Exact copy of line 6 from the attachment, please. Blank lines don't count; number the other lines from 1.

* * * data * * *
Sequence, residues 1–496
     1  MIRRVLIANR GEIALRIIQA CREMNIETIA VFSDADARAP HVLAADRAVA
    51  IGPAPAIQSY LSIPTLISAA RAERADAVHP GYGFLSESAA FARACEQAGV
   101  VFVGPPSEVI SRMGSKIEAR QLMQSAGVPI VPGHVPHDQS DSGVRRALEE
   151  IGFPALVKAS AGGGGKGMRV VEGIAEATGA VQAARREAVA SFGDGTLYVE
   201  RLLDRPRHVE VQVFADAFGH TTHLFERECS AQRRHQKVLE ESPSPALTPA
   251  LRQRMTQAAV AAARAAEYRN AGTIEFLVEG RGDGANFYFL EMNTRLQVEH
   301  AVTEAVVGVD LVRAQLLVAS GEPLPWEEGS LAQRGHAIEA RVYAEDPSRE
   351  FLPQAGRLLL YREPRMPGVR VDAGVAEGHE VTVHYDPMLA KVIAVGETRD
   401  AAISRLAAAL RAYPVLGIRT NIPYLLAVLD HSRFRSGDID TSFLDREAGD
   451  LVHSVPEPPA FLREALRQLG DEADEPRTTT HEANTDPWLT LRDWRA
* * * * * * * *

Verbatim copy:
   201  RLLDRPRHVE VQVFADAFGH TTHLFERECS AQRRHQKVLE ESPSPALTPA